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  Mutations
  
 


A mutation is a change in genetic information.  Since genetic information is encoded by the order of the nucleotide bases of DNA, adenine (A), thymine (T), guanine (G), and cytosine (C), a mutation represents some sort of change in that order.  Mutations may occur in both somatic and sex cells.  Only mutations that occur in sex cells can be passed from parent to offspring.

Types of Mutations

 Point Mutations or SNPs

A point mutation or SNP (Single Nucleotide Polymorphism), involves the substitution of a wrong base during the replication process.  As the enzyme DNA polymerase chugs down one side of a DNA molecule, forming base pairs to build a new complementary strand,  it occasionally adds the wrong base.  However,  DNA polymerase makes very few errors and it corrects most of those quickly.  In addition, there are other enzymes that follow along and "proofread" the nucleotides to be sure that the new nucleotides are actually complementary to the template strand.  Any misfits are booted out and replaced with the proper base.  Thanks to this magnificent system, DNA is consistently replicated with less than one mistake per billion nucleotides!

Nonetheless, this type of mutation does occur and is responsible for the many subtle and not so subtle variations found within and among species.  There are three possible outcomes of an overlooked change of one nucleotide during replication.  Surprisingly, the "mistake" may have no affect on the organism.  For one thing, the genetic code is such that many amino acids are represented by more than one codon (see also  gene expression.)  Each individual codon is a three nucleotide sequence.  In many instances, there are several sequences that code for the same amino acid, their sequence frequently differing by only one nucleotide.  For example, the triplet codons for the amino acid isoleucine are AUU, AUC, AUA, and AUG.  Substitution of the the last nucleotide in the DNA sequence coding for this amino acid would result in no change in the resulting protein because isoleucine would be inserted in the protein chain in each case.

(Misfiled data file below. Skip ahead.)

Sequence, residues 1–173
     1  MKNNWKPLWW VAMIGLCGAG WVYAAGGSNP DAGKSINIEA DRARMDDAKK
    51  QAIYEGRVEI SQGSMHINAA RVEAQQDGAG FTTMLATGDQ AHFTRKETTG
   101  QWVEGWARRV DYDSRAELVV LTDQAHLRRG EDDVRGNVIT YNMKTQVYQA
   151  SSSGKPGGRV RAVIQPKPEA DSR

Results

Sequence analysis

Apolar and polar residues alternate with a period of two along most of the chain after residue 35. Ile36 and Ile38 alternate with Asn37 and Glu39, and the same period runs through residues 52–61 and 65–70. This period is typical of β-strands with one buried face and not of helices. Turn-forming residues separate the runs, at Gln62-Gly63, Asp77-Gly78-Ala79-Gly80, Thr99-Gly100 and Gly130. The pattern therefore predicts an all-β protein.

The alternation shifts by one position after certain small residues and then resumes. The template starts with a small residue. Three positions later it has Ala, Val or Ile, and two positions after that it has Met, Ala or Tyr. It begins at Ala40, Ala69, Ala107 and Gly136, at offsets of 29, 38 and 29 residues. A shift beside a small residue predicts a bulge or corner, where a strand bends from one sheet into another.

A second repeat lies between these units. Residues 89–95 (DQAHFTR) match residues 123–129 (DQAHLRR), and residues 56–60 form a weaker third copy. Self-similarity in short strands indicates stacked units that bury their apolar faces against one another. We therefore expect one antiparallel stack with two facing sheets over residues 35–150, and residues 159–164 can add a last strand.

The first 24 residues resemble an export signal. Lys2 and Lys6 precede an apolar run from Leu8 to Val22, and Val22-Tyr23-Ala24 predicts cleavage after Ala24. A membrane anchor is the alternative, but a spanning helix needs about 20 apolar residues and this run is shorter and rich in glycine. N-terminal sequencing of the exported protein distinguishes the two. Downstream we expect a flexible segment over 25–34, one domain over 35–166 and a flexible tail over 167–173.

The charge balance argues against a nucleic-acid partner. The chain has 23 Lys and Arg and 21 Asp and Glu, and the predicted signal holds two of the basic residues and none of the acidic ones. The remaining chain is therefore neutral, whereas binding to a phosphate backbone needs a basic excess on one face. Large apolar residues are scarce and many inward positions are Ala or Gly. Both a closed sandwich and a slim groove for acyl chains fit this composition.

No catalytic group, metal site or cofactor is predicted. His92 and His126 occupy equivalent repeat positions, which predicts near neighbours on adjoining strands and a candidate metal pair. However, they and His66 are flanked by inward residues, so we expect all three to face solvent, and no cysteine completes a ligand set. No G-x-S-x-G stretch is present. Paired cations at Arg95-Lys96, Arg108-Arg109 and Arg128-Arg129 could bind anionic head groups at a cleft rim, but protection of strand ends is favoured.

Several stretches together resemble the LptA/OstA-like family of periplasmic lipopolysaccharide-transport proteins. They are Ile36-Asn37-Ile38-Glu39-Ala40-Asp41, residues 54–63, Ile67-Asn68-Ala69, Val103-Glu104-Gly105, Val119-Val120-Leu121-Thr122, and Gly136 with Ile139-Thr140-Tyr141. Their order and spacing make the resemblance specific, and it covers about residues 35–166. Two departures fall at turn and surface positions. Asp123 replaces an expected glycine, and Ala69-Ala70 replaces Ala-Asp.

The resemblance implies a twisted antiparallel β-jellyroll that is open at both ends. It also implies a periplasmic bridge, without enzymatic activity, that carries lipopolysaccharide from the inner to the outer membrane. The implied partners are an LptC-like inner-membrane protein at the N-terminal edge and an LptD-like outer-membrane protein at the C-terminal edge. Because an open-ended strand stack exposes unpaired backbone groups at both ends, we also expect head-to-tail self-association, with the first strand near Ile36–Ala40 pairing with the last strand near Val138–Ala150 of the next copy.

On the other hand, an error which changed the first base of the codon to either a U, C, or G would cause the wrong amino acid to be inserted in place of isoleucine.  For example, a substitution of a G for the first A in the codon would result in insertion of the amino acid valine instead of isoleucine.

The insertion of the wrong amino acid in a functional region of a protein may cause the protein to be so severely misshapen that it cannot function--even to the point of causing the death of the organism.  For example, swapping an A for a T in the gene for hemoglobin results in the insertion of valine instead of glutamine in the protein molecule causing the disease sickle cell anemia.

 
Normal hemoglobin (eight out of the 146 amino acid units of normal hemoglobin)
Val His Leu Thr Pro Glu Glu Lys
Sickle-cell hemoglobin (the same section as above as found in Sickle-cell hemoglobin)
Val His Leu Thr Pro Val Glu Lys
Good red blood cells

 

 

Sickle cell blood cells

pictures from:
www.cc.nih.gov/ccc/ ccnews/nov99/

The function of normal human red blood cells, which are disk-shaped, is to transport oxygen from the lungs to the other organs of the body.  Each red blood cell contains millions of molecules of hemoglobin that carries the oxygen.

A slight change in the order of the amino acids in the hemoglobin molecule (valine substituted for glutamine), which has only 146 amino acids, causes sickle-cell disease.  Abnormal hemoglobin molecules stick together and crystallize deforming the red blood cells.  The deformed blood cells then clog tiny blood vessels impeding the flow of blood.  Sickle-cell anemia kills about 100,000 people per year in the US

On the other hand, if the substitution affects a less critical region of the protein or occurs in a noncoding (junk) region of DNA, there may be no discernable effect at all.  And finally, there are the rare substitutions that are actually beneficial causing the protein to function in such a way as to give the organism a survival advantage.